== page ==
It's no secret that the rollouts of the COVID-19 vaccines developed by Moderna (NASDAQ:MRNA) and Pfizer (NYSE:PFE) with its partner BioNTech (NASDAQ:BNTX) haven't gone as well as hoped. Many Americans who want a vaccine haven't been able to get one yet. In this Motley Fool Live video recorded on Jan. 13, 2021, healthcare and cannabis bureau chief Corinne Cardina and Fool.com writer Keith Speights discuss a major strategy change that should make more vaccines available more quickly.

Corinne Cardina: Another change in vaccination strategy has been around the doses that were being held back. Joe Biden, President-elect had said, when I come into office, we're going to stop holding back doses for that second dose that are in the freezer, which has been President Trump's taskforce strategy. Now, President Trump's strategy has come out and matched what Joe Biden said he would do.

Can you talk a little bit about why they were holding back doses? Is it OK to give out all the doses we have? Will there be second doses ready when people need them, if they do this?

Keith Speights: The original strategy, in some respects, makes sense. What the federal government was doing was they were saying, OK, everyone, needs to receive two doses. To ensure that they get their second dose, we're only going to ship out enough for people to get their first dose and hold back that second dose until closer to the time when individuals will need that second dose.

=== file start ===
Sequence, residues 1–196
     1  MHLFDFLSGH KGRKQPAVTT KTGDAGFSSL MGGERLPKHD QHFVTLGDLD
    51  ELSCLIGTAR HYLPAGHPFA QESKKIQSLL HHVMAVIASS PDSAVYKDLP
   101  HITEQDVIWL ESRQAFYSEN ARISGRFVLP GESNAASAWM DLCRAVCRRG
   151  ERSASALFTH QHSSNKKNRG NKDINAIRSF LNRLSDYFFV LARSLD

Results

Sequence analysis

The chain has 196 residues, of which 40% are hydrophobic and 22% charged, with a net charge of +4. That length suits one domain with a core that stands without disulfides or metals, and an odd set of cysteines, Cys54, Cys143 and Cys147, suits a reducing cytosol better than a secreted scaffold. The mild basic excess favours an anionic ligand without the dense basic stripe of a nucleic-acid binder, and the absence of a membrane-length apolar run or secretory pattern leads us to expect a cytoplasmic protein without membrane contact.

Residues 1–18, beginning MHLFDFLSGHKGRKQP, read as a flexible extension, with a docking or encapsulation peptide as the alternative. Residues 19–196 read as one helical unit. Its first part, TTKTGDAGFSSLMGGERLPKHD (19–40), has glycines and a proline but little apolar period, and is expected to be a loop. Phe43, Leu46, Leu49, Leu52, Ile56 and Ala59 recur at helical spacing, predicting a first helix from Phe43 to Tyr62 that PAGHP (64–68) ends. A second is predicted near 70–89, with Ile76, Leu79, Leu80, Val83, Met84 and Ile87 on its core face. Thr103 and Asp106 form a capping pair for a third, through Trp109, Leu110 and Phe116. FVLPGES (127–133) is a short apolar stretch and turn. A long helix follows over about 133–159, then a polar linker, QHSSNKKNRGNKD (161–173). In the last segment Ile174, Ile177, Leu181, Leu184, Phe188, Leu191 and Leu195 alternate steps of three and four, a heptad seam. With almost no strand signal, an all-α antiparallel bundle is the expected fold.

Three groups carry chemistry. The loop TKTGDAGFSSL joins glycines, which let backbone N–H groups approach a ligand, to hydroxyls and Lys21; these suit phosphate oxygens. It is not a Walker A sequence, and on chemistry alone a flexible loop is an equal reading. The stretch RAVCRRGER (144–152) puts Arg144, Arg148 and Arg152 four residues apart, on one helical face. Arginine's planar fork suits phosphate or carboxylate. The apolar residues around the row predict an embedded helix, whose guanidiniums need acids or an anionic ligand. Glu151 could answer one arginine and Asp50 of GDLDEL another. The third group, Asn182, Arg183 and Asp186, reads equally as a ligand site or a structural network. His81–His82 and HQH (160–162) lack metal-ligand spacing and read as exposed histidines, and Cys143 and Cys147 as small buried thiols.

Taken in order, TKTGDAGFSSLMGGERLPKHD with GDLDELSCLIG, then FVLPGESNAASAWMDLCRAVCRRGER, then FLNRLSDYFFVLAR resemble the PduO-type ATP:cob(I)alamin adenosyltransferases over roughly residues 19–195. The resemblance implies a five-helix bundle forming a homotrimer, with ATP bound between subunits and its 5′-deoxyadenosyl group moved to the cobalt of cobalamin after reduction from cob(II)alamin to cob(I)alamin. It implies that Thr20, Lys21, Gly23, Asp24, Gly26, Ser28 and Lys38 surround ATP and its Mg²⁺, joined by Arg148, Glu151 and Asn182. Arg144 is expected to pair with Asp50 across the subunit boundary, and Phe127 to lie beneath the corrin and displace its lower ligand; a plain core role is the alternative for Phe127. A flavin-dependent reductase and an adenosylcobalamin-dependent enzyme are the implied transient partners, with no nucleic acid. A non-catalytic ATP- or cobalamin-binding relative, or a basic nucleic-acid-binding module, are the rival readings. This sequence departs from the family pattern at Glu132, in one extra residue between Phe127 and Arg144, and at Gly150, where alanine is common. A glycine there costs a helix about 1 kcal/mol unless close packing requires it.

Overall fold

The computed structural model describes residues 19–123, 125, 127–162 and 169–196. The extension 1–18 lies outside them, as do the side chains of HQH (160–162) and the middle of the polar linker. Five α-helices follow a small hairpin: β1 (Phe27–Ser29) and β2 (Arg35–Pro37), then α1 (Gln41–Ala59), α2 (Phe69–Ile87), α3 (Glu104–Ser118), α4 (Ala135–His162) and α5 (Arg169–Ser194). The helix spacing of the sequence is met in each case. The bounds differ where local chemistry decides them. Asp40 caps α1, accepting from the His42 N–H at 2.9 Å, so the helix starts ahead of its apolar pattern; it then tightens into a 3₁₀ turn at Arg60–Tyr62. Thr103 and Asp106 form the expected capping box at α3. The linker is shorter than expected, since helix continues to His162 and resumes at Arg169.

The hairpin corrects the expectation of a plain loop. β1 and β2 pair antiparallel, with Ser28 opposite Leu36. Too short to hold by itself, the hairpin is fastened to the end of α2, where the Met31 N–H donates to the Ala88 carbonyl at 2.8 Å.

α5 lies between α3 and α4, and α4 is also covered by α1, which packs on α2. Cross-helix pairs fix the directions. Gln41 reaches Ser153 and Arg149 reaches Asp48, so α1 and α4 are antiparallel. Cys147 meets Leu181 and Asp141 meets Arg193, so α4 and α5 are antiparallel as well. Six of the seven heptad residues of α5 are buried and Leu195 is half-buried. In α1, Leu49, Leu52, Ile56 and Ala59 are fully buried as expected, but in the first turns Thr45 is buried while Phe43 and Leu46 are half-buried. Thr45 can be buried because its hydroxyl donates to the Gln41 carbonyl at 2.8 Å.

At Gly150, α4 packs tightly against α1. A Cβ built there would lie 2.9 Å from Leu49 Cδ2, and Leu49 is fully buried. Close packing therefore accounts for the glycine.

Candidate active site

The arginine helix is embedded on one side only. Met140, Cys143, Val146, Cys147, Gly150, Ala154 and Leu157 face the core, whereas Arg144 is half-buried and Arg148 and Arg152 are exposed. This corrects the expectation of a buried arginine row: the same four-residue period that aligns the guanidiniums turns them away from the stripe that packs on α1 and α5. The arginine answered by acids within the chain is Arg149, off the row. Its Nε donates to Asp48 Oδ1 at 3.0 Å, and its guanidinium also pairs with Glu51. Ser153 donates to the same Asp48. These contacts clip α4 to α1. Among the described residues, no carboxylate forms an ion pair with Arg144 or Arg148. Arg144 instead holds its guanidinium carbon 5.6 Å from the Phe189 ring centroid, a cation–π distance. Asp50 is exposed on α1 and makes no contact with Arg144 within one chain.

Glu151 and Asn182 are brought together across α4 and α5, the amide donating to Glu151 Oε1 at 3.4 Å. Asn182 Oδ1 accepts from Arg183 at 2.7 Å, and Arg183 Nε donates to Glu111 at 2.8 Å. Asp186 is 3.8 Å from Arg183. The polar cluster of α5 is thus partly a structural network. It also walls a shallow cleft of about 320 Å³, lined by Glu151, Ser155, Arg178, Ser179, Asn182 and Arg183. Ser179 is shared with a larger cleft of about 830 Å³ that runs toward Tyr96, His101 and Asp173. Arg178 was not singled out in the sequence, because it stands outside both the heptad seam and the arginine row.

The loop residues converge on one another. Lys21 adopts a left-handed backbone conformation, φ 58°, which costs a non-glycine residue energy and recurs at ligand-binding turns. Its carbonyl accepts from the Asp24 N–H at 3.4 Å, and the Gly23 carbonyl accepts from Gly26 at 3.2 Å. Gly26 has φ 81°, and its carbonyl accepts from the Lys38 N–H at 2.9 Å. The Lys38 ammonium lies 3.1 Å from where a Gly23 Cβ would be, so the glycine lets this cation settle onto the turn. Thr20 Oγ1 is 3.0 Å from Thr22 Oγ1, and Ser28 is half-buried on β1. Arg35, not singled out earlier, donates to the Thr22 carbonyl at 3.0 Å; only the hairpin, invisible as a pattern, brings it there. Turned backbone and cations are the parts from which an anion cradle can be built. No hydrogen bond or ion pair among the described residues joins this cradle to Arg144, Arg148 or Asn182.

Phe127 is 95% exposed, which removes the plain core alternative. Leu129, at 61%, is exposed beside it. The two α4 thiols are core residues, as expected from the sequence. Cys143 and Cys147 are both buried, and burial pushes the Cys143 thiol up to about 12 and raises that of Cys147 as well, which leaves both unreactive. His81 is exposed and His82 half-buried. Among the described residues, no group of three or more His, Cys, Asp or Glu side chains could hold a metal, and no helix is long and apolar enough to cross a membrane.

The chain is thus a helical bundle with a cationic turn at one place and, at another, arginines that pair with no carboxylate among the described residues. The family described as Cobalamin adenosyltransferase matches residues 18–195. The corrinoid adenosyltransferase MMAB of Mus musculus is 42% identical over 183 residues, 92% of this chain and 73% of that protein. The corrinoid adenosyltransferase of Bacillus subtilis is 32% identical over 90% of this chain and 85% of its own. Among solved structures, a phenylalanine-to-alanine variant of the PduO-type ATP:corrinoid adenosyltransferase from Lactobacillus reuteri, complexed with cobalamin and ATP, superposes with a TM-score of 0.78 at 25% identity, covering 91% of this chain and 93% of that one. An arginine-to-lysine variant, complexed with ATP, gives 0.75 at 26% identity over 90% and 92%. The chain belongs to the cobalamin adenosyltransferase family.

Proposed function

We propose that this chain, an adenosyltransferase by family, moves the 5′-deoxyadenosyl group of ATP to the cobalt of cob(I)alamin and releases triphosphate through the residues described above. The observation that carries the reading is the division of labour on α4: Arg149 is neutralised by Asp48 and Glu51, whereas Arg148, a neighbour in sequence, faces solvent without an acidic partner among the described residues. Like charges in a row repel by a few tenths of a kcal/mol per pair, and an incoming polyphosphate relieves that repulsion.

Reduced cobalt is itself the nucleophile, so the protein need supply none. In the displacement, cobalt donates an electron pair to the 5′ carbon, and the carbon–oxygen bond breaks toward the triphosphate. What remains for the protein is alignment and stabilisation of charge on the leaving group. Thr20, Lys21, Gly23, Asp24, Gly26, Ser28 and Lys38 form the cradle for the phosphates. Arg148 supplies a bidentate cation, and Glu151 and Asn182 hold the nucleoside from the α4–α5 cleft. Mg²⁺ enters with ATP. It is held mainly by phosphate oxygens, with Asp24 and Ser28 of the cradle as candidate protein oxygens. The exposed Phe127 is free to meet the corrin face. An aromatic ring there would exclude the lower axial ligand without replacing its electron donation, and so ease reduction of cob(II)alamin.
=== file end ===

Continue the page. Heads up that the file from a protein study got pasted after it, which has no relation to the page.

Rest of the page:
Like I said, from one respect that makes sense. It ensures that everyone gets, becomes fully dosed, fully vaccinated rather. The challenge there though is that that limits how many people can get their first dose if you're holding back the doses from being shipped.

What the incoming Biden administration said was, we'd like to go ahead and ship those doses out, get more people receiving that first dose. Like you said, Corinne, the Trump administration ultimately agreed that that's probably the best thing to do.

Like you mentioned, the downside is what happens if there are wrinkles and those second doses aren't available. I think that's just a risk that's worth taking though. At least thus far we're not seeing any significant issues with manufacturing the doses. There have been a few blips along the road, for sure. But there's nothing that would raise serious concerns at this point that those second doses wouldn't be available. But that is the trade-off with this change in strategy.

Corinne Cardina: Right. Some people involved said that if there were a problem with getting those second doses they could invoke the Defense Production Act, to get more doses made at a quicker speed.

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